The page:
To investigate the possible functions of tracked modules, we divided these four modules into two large sets where MEblue and MEgreen were regarded as the first groups, and MEturquoise and MEred were the second group. In this context, the top 20 genes were screened according to the degree of connectivity within each module for better display of the selected module co-expression network. Results of gene interaction analysis showed that TraesCS3D02G236700 and TraesCS3D02G353100 were the key genes of the blue and green modules respectively (Fig. 3a). Of note, no specific network functions of the module were identified via the hubs approach. Therefore, the genes in MEblue and MEgreen were merged for further Gene Ontology (GO) enrichment analysis, and the top 20 GO terms were presented as well (Fig. 3b). Most of the significant GO terms enriched by these modules were mainly nucleoside metabolic and protein processing processes, including GTPase activity (75), protein folding (53), cofactor metabolic process (63), nucleoside phosphate metabolic process (56), and purine nucleoside triphosphate metabolic process (47), etc. Other than these, some GO terms involved in metal transport were also found such as ion transmembrane transport (45), metal ion transport (47), cation transmembrane transport (30), inorganic ion transmembrane transport (30), copper ion transport (5), ion antiporter activity (5) and metal ion transmembrane transporter activity (24) (Supporting material excel_1). More importantly, the same GO terms for metal ion transport were also enriched by DEGs (Fig. S5, 6). In the case of metal ion transport, the over-expression of these eigengenes primarily occurred in wheat roots when exposed to high concentrations of PSNPs, while only a small number of genes showed the differential expression after PSNPs treatments (Fig. 3c).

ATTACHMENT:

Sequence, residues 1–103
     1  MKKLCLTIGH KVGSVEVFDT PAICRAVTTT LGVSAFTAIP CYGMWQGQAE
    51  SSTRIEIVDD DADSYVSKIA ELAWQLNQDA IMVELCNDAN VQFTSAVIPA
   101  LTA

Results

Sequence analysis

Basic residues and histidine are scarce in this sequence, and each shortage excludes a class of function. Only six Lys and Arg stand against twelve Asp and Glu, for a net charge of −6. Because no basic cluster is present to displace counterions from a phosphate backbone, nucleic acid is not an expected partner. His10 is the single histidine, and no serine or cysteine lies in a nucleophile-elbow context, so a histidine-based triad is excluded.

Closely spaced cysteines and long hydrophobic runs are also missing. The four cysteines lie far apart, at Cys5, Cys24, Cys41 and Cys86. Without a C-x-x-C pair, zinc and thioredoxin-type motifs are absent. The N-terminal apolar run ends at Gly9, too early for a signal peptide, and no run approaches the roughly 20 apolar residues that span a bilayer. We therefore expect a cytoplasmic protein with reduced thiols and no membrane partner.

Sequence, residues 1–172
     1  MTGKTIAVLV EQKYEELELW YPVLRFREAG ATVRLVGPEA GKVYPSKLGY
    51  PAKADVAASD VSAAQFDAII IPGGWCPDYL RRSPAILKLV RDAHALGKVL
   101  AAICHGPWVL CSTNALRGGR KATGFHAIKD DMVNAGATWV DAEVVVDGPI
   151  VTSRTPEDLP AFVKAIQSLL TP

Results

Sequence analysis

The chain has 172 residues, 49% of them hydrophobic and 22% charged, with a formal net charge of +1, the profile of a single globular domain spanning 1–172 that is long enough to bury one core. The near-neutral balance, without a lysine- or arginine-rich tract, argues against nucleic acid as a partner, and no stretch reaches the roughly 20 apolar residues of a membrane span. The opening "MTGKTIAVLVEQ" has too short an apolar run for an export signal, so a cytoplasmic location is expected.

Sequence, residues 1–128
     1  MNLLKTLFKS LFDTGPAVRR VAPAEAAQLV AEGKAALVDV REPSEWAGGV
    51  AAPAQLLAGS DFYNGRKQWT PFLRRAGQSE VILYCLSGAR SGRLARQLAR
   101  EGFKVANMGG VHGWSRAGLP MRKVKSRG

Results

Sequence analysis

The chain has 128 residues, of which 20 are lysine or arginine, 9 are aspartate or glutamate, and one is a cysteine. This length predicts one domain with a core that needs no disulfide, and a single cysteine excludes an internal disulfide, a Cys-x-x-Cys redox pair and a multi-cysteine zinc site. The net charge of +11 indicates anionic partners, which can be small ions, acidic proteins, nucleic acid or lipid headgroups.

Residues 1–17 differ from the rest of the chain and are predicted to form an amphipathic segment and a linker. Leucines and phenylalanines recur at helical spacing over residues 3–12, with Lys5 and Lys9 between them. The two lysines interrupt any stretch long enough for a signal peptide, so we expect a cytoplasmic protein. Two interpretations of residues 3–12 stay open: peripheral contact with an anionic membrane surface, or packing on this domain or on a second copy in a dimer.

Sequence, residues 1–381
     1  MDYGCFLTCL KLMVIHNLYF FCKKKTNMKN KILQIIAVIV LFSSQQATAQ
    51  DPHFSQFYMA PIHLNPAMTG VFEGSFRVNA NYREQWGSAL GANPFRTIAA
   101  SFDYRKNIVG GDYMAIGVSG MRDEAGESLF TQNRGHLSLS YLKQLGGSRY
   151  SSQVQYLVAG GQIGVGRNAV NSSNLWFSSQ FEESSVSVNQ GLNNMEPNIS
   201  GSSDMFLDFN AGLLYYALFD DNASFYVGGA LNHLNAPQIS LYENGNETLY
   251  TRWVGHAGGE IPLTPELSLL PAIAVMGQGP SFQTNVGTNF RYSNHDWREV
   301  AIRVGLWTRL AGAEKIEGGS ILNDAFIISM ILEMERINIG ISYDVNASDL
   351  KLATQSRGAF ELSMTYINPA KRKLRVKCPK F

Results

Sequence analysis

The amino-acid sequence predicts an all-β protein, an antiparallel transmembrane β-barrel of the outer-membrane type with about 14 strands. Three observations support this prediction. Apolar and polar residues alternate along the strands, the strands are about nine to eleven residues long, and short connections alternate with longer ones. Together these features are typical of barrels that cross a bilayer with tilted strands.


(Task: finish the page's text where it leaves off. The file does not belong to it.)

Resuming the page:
As for the negative modules, key genes in turquoise (TraesCS7A02G459700) and red module (TraesCS3A02G481500) were also screened out, which belong to the Glycoside hydrolase family 17 (Fig. 4a, b). Correspondingly, the results showed that cofactor metabolic and biosynthetic processes (75, 45), sulfur compound metabolic process (38), amino acid metabolic and biosynthetic processes (47,74), and metal cluster binding (44) were the significant GO function items (Fig. 4c). With the exception of these, it was worth noting that many other GO terms are related to the metabolism and biosynthesis of amino acids, including serine family amino acid, glutamine family amino acid, aspartate family amino acid, sulfur amino acid, cysteine, lysine, histidine, and amino acid activation (Supporting material excel_2). In more detail, we investigated the expression profile of these eigengenes in different wheat tissues. Interestingly, the expression of these genes in roots did not change much while there were significant expression alterations in leaves especially at 0.1 mg/L PSNPs (Fig. 4d). As a result, it was reasonable to speculate that these two modules are mainly responsible for the biosynthesis and metabolism of amino acids.
Enriched KEGG pathway in wheat exposed to PSNPs
In addition to GO enrichment analysis, the mainly enriched biological pathways in
wheat induced by PSNPs exposure were identified by two independent KEGG analyses (Table 1). In WGCNA, there were 49(10.3%) and 47 (8.8%) genes in Meblue-green and Meturquoise-red module respectively that were assigned to carbon metabolism, while the most significantly enriched pathway in Meturquoise-red was ribosome. Notably, a large portion of genes in MEblue-green was matched to other biological pathways such as biosynthesis of amino acids, oxidative phosphorylation, glycine, serine and threonine metabolism, and pentose phosphate pathway. For comparison, it was expected to distinguish differences in enriched pathways in wheat shoot and root using MetaDE analysis. However, most of the DEGs were mapped to similar KEGG terms with slightly different p-value, which included plant-pathogen interaction, plant hormone signal transduction, MAPK signaling pathway – plant and glycerophospholipid metabolism.
Validation of the RNA-sequencing results
In the present study, the expression of 10 genes was verified by an RT-qPCR approach to assess the performance characteristics of RNA sequencing results. As shown in Fig. 5, there was a significant correlation (p < 0.01) in the relative gene expression between RT-qPCR and RNA-Seq method, indicating that the transcriptome sequencing results are reliable.